About Lead Wheel Weights cont.

Reinventing the Wheel Weight

Alternatives
Environmental and health concerns associated with lead pollution prompted the industry to develop alternatives to lead wheel weights.

"There are a number of different products on the market," said André Algazi, supervisor of the California Department of Toxic Substances Control's Consumer Products unit, within DTSC's Office of Pollution Prevention and Green Technology. "There are some that are different alloys of different metals. Copper and zinc are used in some of them, tungsten, and there are some plastic wheel weights available, so there are things on the market."

The most popular alternative to lead wheel weights is steel.

Perfect Equipment Inc., a leading manufacturer of wheel weights, was advertising its lead-free steel and zinc weights in 2005, after the European Commission issued a directive prohibiting the use of lead in vehicles. That company and two other major players in the wheel weight industry -- Plombco and Hennessy Industries -- agreed in 2008 to stop shipping lead wheel weights to California, as part of a legal settlement with the nonprofit Center for Environmental Health. The companies now offer lead-free alternatives. Hennessy and Plombco have even set up special websites (at www.steelwheelweights.com and www.zincwheelweights.com, respectively) to promote their lead-free weights.

Algazi said the DTSC website links to information about lead alternatives, as well. DTSC is the implementing agency for the new state law and is working to educate the affected industries.

Making the Switch
Many tire and wheel stores were prepared for the change by the time the new law was put in place. Auto industry publications had been reporting on lead wheel weight legislation and trends for some time.

"As far as Goodyear's process, we were ahead of the game," said Kevin Boyd, assistant store manager at a Goodyear Tire Center in Sacramento.

His shop started installing steel pound-on, clip-on and stick-on weights even before the law took effect. "I think it's good for the environment," he said. "I mean, I have five small children, and it's something I want to protect for them in the future."

His suppliers were ready for the change, as well. "We had our weights in process," Boyd said, "and we just started to exchange them out. ... We just substituted with the steel weights right away."

Leonard Orrick, owner of Radial Tire Service in Sacramento, said his shop removes 10 to 20 pounds of lead weights a day and has switched to steel weights, as well. Notifying his suppliers about the law and restocking the shop's inventory went smoothly, but installing the new steel weights has involved a bit of a learning curve.

"You get in a rote when you knew which lead weight went on which wheel, and it's just going to be a training period to get to know which steel weight to go on which type of lip on the wheel," he said.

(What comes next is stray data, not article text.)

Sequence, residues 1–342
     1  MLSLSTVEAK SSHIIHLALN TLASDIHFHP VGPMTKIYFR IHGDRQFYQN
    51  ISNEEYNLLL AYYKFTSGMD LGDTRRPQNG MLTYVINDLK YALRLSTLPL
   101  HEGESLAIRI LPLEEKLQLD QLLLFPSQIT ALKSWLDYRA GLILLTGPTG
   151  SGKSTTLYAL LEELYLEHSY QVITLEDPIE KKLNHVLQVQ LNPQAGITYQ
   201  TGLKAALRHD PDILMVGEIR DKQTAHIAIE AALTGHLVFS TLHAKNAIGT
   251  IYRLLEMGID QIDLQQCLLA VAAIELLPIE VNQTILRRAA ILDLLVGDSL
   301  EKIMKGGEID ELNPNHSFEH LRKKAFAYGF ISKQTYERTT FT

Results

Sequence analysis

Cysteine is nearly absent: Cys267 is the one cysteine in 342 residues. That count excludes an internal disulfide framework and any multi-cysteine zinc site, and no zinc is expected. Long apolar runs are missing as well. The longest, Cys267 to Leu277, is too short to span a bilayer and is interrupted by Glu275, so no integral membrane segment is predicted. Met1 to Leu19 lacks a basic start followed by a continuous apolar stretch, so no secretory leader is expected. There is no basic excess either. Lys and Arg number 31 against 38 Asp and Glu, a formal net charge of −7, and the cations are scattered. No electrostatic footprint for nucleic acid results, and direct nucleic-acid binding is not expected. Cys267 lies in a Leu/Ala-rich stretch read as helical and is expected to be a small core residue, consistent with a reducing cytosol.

Additionally, his staff is finding that the steel weights don't bond to the wheels as easily as the lead weights do.

"We're having a difficult time with them coming off after the wheel flexes," he said. "We're having probably 2 percent of cars come back with vibration problems."

Boyd, at Goodyear, said he hasn't seen any difference in the performance of lead-free weights compared with lead weights, other than a surface-preparation problem he's encountered with stick-on weights in general.

"You have to make sure [the wheel] is absolutely 100 percent clean, with no debris, almost down to bare metal before [the weight] will adhere onto the wheel," he said.

If the wheel is extremely dirty, he said, the cleaning process involves abrasion, such as a scuff pad. "After that, we use a cleaning compound or chemical along with a rag to wipe the wheel down to get it to the purest condition we can."

Boyd believes that steel weights, once properly installed, will have a longer life expectancy than lead weights.

"All the steel weights have protective coating. Prior, with the lead weights, you had the standard lead weight or the protective coated weight, so it wouldn't etch into the aluminum wheel, oxidize into the wheel," he said. "With the coated steel weights, I think they're actually going to have a longer life span on them, and I don't foresee any problems whatsoever with them."

Additional Resources:

The U.S. EPA's National Lead Free Wheel Weight Initiative

The "Lead Compounds" page on the U.S. EPA's Technology Transfer Network Air Toxics website

"Stocks and Flows of Lead-Based Wheel Weights in the United States,"
a U.S. Geological Survey study

"Lead Loading of Urban Streets by Motor Vehicle Wheel Weights"
by Robert A. Root, in Environmental Health Perspectives, a peer-reviewed publication from the National Institute of Environmental Health Sciences

"Tires and Lead: A Weighty Issue,"
an article in Environmental Science & Technology, a peer-reviewed publication of the American Chemical Society (see page 4 of 8)

"Preventing Lead Poisoning in Young Children," on the Centers for Disease Control and Prevention Web site

Lead-Free Wheels: A Project of the Ecology Center

Want to know about lead wheel weights? Want to find out the environmental impact? Watch the video.   green arrow

undefined

undefined

undefined

wheel-weights-5

wheel-weights-4

Back to Page [1]                               Continue to Page [3]